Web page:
The U.S. still holds 63 detainees who have been cleared for release.
Pyongyang officials propose a joint investigation into the Sony hack, but warn America of 'grave consequences' if it refuses.
From industrial robots to wheat production to female billionaires, the statistics that lurked behind the scenes this year
Did the directors of The Interview have a better option?
The FBI formally accused the isolated country of the Sony hack, but the White House is basically powerless to do anything to respond.
If the restoration of diplomatic ties leads to greater openness, then the president's bold move will be justified.
The U.S. has never convinced the Pakistanis to confront militants. Could that change after the Taliban's school attack?
"The students, I don’t know how many there were, several thousand, surrounded the cars and began to pelt them with eggs and rocks and to jump up on top of the cars and stamp on the roofs." When Warren Christopher had to deliver bad news in Taiwan.
An old documentary offers footage of what Cuba looked like the last time American tourists could visit easily.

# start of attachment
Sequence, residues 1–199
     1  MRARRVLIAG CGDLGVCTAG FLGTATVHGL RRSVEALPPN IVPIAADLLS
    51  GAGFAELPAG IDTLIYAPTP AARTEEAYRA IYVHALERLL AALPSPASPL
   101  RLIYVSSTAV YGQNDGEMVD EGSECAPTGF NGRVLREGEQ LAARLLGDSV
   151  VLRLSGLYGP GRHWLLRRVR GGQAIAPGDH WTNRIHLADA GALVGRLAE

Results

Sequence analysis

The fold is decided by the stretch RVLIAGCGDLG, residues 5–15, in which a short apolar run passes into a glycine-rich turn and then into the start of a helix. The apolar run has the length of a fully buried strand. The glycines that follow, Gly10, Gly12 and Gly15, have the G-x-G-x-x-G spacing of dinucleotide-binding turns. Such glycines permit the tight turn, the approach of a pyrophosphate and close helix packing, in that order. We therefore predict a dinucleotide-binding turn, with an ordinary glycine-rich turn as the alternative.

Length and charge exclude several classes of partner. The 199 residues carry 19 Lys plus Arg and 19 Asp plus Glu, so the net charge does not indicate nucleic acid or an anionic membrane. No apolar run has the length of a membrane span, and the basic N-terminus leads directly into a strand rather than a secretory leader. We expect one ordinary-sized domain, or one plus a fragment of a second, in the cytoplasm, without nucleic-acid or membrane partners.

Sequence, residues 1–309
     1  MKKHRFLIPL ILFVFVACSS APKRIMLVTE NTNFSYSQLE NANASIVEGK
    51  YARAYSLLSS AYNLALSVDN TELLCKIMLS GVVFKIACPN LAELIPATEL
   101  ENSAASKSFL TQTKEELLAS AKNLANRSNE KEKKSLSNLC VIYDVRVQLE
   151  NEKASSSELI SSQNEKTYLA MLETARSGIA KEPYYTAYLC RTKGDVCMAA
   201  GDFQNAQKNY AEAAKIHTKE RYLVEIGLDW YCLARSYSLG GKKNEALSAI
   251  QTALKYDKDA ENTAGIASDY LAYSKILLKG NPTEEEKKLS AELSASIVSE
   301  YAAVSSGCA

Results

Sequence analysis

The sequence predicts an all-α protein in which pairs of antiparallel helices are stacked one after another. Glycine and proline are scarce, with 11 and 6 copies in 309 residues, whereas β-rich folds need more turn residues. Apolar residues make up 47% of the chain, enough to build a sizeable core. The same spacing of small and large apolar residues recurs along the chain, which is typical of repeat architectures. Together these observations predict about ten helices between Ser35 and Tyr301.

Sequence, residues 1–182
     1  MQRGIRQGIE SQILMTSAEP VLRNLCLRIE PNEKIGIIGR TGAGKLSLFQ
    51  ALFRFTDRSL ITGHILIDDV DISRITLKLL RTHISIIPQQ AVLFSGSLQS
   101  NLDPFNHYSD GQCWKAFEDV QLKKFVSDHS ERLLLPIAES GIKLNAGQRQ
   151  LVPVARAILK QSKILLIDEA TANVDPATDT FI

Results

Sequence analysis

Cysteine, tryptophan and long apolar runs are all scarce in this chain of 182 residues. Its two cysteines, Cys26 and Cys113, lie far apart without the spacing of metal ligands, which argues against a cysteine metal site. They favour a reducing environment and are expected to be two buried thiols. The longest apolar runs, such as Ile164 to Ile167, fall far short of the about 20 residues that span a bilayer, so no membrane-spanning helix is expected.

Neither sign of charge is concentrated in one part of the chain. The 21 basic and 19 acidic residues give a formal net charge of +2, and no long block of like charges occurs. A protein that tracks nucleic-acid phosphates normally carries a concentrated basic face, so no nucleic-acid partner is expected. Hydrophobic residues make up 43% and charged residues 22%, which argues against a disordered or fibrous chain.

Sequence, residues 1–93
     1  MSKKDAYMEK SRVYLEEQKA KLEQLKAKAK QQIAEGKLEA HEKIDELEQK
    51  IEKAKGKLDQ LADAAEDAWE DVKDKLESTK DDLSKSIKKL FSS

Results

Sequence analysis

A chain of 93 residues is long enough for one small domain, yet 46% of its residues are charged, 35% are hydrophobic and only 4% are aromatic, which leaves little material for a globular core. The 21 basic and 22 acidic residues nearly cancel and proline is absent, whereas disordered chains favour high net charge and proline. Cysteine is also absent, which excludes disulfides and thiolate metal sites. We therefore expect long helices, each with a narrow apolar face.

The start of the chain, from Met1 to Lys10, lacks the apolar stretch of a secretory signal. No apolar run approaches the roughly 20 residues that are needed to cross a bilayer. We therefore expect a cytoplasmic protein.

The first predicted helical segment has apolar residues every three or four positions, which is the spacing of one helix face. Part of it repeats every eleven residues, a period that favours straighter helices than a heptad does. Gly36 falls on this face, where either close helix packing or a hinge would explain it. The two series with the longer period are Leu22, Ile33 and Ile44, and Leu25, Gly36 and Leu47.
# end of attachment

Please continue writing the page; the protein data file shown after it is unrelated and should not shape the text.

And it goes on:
It comes down to two words: biology and technology.
How many people have even a landline like the one Raul Castro used to chat with Barack Obama?
Let's be clear: The Interview isn't a courageous act of defiance against a dictator.
Turns out "don't do stupid shit" is an underrated guiding principle for a president
Pakistan is the epicenter of a horrifying new trend.
The leader of Catholic Church, who turned 78 today, was a crucial figure in brokering the landmark deal between the United States and Cuba.
President Obama did what needed to be done: Alan Gross is home, and the U.S. has reversed its 50-year hostility toward Havana.
Even Cuban Americans now support normalizing relations with the nation 90 miles off Florida's coast.
After a five-year imprisonment, American contractor Alan Gross has been released in a groundbreaking prisoner swap with Cuba. What's next?
The Taliban's massacre of more than 100 students caps an awful year for the world's children.
Following the release of troves of sensitive data, the Guardians of Peace hacker group is now warning of violent attacks if the anti-North Korean flick The Interview reaches screens.